As the lottery process evolves, baseball will have the opportunity to close some of the loopholes. In the meantime, teams receiving the additional picks have been afforded many advantages. Several all star caliber players have been selected at slots likely to be occupied by the supplemental picks awarded, so each team has an extra chance to double down by parlaying their lottery success into more good fortune on draft day. However, teams receiving the additional picks don’t have to use them. In what could be a pilot for the exchange of all draft picks, baseball will allow teams to use lottery selections as a commodity.
With several contending teams among the awardees, allowing the lottery pick to be used as a trade chip could give them a big advantage when negotiating with clubs who are rebuilding for the future. This is particularly relevant considering the new CBA rule that requires a team to offer a top-125 salary (approximately $13 million) to a free agent in order to receive draft pick compensation. Because of that hefty obligation, teams may be hesitant to make such an offer. As an alternative, they could instead deal their pending free agent for one of the first round supplemental picks, which will take place right after the compensation selections. So, for example, instead of offering Ryan Dempster a $13 million salary for 2013, the Cubs could trade him to the Pirates or Reds for a prospect and the first round lottery selection. As a result, the Cubs would not only get a player for Dempster, but also approximate the draft compensation they would have received had the pitcher left as a free agent. For the smart team selling at the trade deadline, targeting contenders who benefitted in the lottery process could provide the best of both worlds.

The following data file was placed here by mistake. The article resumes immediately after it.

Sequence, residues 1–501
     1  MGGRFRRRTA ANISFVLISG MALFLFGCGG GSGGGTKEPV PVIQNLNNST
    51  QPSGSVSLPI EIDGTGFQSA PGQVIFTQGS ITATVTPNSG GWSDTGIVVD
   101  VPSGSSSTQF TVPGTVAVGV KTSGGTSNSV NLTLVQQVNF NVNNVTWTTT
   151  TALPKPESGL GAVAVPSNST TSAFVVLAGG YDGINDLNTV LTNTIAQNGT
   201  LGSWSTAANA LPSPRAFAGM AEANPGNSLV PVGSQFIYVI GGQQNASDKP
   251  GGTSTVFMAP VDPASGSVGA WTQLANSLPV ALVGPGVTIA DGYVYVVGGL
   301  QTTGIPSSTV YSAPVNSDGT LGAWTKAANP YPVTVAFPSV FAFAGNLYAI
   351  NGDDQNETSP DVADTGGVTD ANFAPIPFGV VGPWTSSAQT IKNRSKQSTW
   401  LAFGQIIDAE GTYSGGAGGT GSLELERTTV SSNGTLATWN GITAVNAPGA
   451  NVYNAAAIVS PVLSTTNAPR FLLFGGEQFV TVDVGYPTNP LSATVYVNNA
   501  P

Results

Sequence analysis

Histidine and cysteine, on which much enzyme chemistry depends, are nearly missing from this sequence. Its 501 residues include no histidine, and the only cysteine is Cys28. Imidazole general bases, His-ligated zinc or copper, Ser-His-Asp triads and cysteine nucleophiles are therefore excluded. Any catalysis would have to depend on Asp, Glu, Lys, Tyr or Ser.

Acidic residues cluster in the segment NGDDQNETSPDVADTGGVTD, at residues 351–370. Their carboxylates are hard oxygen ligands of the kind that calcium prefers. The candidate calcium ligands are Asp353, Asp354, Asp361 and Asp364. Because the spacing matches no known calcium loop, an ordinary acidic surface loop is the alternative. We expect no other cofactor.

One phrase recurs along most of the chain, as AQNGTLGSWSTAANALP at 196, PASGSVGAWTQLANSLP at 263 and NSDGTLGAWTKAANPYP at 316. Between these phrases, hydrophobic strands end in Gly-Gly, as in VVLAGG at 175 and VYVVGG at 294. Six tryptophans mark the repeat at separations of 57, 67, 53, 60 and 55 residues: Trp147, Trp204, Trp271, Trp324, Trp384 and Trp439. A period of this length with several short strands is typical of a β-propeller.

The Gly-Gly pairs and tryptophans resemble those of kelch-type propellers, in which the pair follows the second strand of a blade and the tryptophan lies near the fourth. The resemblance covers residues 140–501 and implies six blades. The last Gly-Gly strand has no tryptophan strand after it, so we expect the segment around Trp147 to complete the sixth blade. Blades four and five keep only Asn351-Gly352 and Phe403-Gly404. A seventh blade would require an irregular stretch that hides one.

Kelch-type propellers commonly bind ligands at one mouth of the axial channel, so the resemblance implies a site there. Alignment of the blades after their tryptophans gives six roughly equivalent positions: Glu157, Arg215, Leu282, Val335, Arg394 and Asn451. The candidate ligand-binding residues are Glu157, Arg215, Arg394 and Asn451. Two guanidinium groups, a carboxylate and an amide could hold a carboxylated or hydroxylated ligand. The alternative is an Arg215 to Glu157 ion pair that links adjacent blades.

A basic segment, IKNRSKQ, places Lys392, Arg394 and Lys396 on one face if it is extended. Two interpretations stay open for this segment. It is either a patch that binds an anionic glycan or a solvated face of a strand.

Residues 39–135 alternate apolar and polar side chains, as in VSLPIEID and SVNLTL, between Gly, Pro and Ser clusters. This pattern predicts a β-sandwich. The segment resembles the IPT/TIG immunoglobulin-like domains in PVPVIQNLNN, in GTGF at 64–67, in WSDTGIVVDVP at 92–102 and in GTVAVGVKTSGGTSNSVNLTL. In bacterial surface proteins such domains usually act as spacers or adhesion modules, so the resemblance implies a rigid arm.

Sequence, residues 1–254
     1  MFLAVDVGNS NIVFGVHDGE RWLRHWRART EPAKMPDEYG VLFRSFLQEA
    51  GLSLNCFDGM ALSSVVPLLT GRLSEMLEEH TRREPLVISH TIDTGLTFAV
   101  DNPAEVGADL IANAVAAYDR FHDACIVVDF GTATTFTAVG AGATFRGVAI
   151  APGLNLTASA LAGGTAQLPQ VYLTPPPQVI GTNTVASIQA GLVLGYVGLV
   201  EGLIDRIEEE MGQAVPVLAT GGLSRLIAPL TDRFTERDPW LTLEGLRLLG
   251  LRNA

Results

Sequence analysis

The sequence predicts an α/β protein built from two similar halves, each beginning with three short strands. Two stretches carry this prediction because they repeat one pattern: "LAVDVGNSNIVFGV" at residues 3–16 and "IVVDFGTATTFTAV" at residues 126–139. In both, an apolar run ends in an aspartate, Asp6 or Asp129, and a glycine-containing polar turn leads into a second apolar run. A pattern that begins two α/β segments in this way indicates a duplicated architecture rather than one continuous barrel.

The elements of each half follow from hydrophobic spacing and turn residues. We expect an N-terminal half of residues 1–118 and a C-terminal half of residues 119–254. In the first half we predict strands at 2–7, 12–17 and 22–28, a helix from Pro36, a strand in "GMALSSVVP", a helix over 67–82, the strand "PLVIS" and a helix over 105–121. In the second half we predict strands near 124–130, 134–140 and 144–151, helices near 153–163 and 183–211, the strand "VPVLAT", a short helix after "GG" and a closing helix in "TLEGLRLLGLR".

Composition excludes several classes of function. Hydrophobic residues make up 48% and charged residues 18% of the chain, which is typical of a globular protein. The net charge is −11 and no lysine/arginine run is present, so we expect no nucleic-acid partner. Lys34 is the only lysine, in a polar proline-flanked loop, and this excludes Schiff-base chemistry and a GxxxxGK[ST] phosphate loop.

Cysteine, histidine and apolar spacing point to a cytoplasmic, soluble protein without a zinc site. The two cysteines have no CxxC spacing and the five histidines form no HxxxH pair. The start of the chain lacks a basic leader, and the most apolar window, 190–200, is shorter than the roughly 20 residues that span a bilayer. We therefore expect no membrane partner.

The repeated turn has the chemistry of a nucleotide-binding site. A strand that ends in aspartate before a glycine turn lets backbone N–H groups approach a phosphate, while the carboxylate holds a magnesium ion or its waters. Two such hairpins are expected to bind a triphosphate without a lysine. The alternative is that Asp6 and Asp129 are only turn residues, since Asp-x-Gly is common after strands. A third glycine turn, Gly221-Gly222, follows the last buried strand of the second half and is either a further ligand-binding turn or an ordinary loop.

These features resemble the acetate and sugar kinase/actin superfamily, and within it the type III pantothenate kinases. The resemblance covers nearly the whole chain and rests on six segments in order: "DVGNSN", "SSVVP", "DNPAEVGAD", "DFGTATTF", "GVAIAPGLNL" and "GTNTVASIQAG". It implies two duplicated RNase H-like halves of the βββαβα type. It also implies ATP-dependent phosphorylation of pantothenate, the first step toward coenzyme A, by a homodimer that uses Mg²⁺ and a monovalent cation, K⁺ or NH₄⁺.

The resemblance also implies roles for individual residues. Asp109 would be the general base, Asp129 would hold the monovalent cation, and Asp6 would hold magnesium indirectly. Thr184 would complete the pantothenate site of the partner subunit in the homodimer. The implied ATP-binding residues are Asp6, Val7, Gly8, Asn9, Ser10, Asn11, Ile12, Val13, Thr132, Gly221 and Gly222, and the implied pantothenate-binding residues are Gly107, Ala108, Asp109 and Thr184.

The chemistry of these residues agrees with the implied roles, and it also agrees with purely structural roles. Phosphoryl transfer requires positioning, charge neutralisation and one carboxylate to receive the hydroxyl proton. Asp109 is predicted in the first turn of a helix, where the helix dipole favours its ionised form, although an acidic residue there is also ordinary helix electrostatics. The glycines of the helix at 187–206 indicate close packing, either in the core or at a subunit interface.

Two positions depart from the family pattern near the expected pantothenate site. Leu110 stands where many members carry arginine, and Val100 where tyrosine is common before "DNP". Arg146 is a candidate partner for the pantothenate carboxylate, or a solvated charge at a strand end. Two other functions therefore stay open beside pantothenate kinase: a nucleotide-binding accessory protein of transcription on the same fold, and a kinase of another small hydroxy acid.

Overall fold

Clubs that wanted to pick the players they wanted couldn’t. Because of the system, they could not spend what was needed to sign the best player. They had to make alternate choices. That’s not what the draft was designed to do.” – Agent Scott Boras, quoted by AP, July 18, 2012
Aside from the trade implications, the additional draft picks awarded by the lottery could have a more subtle impact. Because each selection will come with a corresponding increase in the receiving team’s bonus pool (or the team that acquires the pick in a trade), it will give them extra money to spend in next year’s draft. By extension, that luxury will give certain teams more leeway to sign a player over slot. Put more simply, teams could essentially forfeit the supplemental pick, or any other pick for that matter (by not signing the player chosen, among other methods), and allocate the additional money to another selection. If Scott Boras’ allegation that teams had their hands tied by budgetary constraints is true, this nuance could become a significant consideration.
The MLB lottery process will never have the excitement of waiting to see who will get the rights to the next Lebron James, but it is an important new development nonetheless. As that becomes more evident, it will be incumbent upon baseball to refine the procedures to ensure that the best interests of the sport are met. And, if all goes well, baseball just might expand elements of the program to the rest of the draft, and, perhaps, even institute a lottery for the top first round selections. For a sport that generally moves slowly, those changes could be years away, but maybe the first steps have been taken?